Three steps to transform a sedan into a home for two

It started with a dream of moving into a van and living on the road.

Things began to fall into place a few months ago. We had money saved. We had jobs we didn’t mind quitting. We had a lease expiring. We had no other obligations we couldn’t manage from the road.

There was only one thing missing: the van.

And that is how Nick and I wound up moving into his Ford Taurus.

…Not quite a van, but with a few modifications, quite livable.

Step 1: Making the bed

Photo of bed
Sandwiched between plywood decks, there is enough room for two to sleep in the back of the renovated Taurus.

The most important step of moving into the sedan is making it possible to sleep in it.

So, remove the backseat completely. With a saws-all, cut out the metal center section that held the backseat so that there is no longer anything separating the trunk from the area where the backseat once was. Cut a piece of plywood to span the place where the backseat goes to create a flat platform for sleeping on. To add comfort and reduce splinters, we added a layer of carpet to the plywood.

 

Step 2: Creating storage

DSC_0666Remove all the excess padding and paneling in the car to open up new spots for storage. On the underside of the trunk we mounted a net to store cooking materials, a camp stove and fuel.

Underneath the plywood sleeping deck is also a spot for things you won’t need to access often.

 

We have constructed an extra plywood shelf which spans from the back window across the space of the backseat. It is attached with hinges at the back and held up with stilts in the front. This shelf can fold down to create a backseat again if needed, but in the meantime serves as a storage shelf. All of our clothes are stored in a simple homemade cloth pocket system.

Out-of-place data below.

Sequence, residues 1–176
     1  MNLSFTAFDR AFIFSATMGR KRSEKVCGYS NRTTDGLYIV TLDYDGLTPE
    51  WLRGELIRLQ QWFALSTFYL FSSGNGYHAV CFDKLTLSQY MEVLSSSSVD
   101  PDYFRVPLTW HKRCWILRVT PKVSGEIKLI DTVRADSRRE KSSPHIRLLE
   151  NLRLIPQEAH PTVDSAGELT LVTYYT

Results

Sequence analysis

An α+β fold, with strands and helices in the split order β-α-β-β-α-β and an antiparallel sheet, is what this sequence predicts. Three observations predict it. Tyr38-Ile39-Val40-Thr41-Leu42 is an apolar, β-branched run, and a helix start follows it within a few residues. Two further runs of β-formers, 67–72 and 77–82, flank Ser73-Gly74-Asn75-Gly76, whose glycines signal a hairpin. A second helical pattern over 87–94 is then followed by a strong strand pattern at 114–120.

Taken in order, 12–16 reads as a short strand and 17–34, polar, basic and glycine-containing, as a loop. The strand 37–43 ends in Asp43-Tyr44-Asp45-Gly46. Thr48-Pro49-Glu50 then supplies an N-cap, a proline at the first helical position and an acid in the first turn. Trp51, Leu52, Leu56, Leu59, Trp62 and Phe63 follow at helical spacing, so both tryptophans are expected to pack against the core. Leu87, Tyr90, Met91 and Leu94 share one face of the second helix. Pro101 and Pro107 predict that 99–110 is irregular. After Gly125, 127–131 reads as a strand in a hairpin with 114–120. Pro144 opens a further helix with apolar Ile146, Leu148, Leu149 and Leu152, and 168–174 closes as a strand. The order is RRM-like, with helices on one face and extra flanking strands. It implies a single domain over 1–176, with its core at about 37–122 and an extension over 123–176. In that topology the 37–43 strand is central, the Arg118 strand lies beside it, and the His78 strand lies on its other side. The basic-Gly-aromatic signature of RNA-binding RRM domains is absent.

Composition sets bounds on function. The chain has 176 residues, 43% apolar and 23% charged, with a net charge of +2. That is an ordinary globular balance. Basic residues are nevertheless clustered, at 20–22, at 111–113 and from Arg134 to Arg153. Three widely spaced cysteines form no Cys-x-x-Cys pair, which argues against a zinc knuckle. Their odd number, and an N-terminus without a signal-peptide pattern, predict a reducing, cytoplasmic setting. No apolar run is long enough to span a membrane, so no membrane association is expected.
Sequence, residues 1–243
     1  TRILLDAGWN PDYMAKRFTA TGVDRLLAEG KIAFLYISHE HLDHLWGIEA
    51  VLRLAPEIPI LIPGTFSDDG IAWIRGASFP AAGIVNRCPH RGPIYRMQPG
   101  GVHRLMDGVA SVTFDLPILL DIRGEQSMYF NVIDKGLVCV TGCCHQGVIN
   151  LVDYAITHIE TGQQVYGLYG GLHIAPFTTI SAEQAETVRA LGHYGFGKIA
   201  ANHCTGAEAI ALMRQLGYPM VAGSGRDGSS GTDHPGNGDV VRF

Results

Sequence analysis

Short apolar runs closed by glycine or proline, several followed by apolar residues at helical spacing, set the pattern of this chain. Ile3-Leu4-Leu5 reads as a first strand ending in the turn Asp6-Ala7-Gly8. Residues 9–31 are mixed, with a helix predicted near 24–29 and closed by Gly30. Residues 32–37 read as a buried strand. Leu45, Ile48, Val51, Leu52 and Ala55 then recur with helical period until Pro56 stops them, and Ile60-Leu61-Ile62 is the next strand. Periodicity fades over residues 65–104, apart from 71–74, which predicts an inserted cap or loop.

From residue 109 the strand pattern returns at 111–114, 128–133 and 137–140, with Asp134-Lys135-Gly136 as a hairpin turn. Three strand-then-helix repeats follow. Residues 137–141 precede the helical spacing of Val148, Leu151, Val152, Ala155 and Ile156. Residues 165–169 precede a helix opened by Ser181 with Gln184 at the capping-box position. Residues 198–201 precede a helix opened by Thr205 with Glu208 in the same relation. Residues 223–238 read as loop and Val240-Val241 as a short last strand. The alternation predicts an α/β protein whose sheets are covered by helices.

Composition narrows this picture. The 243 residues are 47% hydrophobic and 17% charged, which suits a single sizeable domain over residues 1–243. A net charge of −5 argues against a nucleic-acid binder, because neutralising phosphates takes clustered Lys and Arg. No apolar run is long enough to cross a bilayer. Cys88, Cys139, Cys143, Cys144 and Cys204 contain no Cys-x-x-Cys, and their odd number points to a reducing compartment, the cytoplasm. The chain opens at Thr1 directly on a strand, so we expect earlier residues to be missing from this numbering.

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Storage shelf with clothing pocket can fold fold down to recreate a backseat if needed.
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Simple cloth storage system keeps our clothes out of the way and organized. (Thanks, Mom!)

 

 

 

 

 

 

 

We removed our center console and replaced it with amo cans and a trash container to add storage containers. A cooler and food box behind each seat keep us from having to eat out.

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Extra storage under the sleeping deck where the base of the backseat once sat.
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Storage spots on each side of the trunk were filled in by plastic paneling before the remodeling.

 

 

 

 

 

 

 

 

Step 3: Adding a roof rack (Skip this step if you don’t need to bring anything that can’t fit inside the car.)

The Ford Taurus has a naked roof, however wanting to bring along our kayaks and whitewater gear, we purchased roof racks that can be mounted to the doors of a car. The cheapest racks we could find online (SportRack Semi-Custom Roof Rack for Naked Roofs) were designed for skies or snowboards. However, with additional straps connecting the boats to the car we have strapped two kayaks, paddles, and fishing poles to the top of the car. They haven’t flown off yet. (I am not advising exceeding the recommended weight limit or use of any roof rack. If you do, add extra straps that connect the load to the car itself, not just the rack.)

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Kayaks strapped to roof racks and secured through a loop under the hood.

For added storage, we filled the hulls of the upside down kayaks with all our boating gear as well as some extra warm clothes in a dry bag.

Adjust this step to fit your own adventure needs. i.e. use your roof racks for bikes, skies, surf boards, ect. (Although these adventure vessels don’t provide the additional storage the way kayaks do. Sorry.)

 

 

 

 

 

 

 

 

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